Music

November 26 2015

Meet Vancouver's Competitive Christmas Carollers (part 2)

(read part 1 here

There are 20 different groups competing and they’re all super different. From pros to first-timers, from retirees to kids, from the highly trained to the… well, we’ll say highly spirited. We sat down with some of the choirs to get to know their unique personalities a little better before they go head-to-head in the streets of Gastown for the Yule Duel.

Fiona and Matt from Impromptu

“In some ways, we are the bad guys,

but we have fun doing it.”

What got you into choir singing?

Fiona: So where as Matt has a musical background and education, he has all the degrees in music—

Matt: Well, one. It’s a Bachelor of Music degree, in jazz studies actually.

Fiona: I’ve always just enjoyed singing, and I’ve loved playing high-energy music since I was young. But when I started looking around for places to sing, I was a little disappointed that there wasn’t that high-energy opportunity out there. I had to be able to read music or I had to audition, and there’s nothing wrong with that, but it doesn’t suit me. So Matt was teaching some people that I knew, and I was moaning to him, “oh I’d love to be able to sing Rolling Stones and Muse” and there just wasn’t any of that.

Matt: And I really know the choir scene in Vancouver, there’s gospel choirs and folk choirs and hospital choirs and everything in between, but we sort of decided there was this niche that wasn’t being filled. With those groups, there’s an element of formality to it. Even just the idea of joining a group and committing to it for a year, and working towards performances, there’s some room for something that doesn’t work on that model.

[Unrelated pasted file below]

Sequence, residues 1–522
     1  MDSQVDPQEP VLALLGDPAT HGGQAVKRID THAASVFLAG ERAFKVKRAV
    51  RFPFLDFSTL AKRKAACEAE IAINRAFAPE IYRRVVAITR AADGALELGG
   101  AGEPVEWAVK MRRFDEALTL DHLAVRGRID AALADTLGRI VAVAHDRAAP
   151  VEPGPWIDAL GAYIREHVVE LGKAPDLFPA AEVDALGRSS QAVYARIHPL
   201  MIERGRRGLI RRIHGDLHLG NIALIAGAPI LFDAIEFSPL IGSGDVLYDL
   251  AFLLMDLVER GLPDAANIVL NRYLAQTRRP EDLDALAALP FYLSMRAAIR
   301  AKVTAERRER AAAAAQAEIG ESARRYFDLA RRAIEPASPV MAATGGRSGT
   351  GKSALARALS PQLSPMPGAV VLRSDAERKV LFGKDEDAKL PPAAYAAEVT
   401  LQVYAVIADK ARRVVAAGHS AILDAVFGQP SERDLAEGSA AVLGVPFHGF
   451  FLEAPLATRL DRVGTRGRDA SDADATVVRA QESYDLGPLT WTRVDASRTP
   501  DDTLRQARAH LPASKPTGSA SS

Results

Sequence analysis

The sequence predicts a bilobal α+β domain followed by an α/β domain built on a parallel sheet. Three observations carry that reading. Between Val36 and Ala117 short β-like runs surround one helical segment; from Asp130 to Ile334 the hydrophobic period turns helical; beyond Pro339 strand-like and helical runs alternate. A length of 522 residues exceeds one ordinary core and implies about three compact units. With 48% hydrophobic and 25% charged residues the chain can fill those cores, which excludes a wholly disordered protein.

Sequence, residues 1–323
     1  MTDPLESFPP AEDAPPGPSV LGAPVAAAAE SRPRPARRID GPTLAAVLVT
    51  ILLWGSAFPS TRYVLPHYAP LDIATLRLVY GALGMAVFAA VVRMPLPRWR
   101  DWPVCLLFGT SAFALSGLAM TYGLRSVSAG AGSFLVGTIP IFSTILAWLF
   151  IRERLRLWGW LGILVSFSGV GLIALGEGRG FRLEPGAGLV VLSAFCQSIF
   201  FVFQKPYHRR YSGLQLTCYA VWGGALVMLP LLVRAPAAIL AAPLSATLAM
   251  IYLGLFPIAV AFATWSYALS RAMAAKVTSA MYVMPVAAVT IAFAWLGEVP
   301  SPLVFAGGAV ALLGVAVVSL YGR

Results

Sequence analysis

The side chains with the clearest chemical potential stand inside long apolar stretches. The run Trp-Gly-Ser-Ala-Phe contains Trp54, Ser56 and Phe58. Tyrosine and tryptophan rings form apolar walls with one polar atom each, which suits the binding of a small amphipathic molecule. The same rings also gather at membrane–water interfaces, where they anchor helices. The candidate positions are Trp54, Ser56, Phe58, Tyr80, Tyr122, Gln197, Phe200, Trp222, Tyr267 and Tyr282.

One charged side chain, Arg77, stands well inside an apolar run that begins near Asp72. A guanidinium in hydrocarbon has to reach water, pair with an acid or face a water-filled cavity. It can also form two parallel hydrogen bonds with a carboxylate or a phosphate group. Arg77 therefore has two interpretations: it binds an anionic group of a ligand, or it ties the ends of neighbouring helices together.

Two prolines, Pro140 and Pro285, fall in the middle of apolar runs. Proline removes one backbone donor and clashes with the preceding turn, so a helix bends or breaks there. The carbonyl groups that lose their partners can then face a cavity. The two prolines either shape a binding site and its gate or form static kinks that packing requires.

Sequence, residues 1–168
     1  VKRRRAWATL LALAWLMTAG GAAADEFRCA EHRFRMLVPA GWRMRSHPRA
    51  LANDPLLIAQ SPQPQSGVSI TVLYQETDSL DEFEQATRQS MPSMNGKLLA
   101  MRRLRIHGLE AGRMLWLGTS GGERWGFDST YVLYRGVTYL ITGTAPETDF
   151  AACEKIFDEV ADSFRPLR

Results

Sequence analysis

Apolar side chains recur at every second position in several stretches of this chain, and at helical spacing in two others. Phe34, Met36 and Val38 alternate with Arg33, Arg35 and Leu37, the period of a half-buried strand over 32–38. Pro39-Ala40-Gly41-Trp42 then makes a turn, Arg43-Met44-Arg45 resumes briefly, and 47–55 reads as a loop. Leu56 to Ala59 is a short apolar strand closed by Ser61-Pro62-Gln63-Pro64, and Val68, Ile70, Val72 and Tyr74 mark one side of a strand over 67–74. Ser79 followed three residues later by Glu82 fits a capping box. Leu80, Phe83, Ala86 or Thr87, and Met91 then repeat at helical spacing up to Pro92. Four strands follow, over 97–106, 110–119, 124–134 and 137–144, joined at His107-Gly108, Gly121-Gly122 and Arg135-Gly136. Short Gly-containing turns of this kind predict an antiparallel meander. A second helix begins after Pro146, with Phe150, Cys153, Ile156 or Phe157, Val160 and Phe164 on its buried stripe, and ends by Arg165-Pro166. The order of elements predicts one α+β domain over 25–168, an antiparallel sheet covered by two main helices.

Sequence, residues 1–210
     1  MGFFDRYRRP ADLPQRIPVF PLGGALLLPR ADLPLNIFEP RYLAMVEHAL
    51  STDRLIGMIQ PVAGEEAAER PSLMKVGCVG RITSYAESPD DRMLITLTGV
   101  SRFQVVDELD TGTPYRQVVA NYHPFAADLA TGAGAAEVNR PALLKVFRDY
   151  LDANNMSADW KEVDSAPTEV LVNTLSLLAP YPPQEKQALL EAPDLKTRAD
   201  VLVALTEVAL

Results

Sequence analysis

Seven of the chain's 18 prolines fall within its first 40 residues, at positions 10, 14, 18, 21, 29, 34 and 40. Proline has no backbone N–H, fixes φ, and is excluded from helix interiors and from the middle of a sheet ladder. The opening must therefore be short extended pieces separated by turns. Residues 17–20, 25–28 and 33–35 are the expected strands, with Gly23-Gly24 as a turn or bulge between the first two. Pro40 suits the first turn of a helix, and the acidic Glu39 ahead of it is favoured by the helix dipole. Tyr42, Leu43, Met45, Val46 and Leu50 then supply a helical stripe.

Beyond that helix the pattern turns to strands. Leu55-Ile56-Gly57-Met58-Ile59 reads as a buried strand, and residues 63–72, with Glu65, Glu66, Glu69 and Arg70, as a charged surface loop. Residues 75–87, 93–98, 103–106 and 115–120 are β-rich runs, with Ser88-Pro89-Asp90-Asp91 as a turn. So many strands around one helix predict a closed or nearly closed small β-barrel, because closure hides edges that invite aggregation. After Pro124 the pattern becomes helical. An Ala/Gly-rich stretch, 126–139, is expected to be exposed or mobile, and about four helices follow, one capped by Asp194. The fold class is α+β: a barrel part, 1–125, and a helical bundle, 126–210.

Is that where the name comes from?

Matt: Yeah! Pretty much.

Fiona: The Yule Duel will actually be our first performance.

Are you nervous about that?

Fiona: Not really, our goal is to get people to join in with us. So when you’re one of those choirs that’s got to sound perfect… that’s not our thing, but we’ll be laughing the whole night. We’re going to get as many people as we can to join in with us. It’s very much a “drop in and sing with us” thing.

So what do you think your odds of winning are?

Matt: Here’s the thing, I have no idea who else is going to be there. That’s what I’m most excited about, is hearing the other choirs and seeing what they’re doing.

Yeah, I keep hoping it’s going to be like an 80s comedy or something where there’s one underdog choir, and they really need to win it to save the community center, but then there’s the established choir and they win every year until the underdog choir rallies together and beats them in an upset.

Matt: Yeah, I’m just curious as to what other kinds of groups there are.

Well there’s Gentlemen of Fortune, they’re pretty hardcore.

Matt: They’re totally hardcore.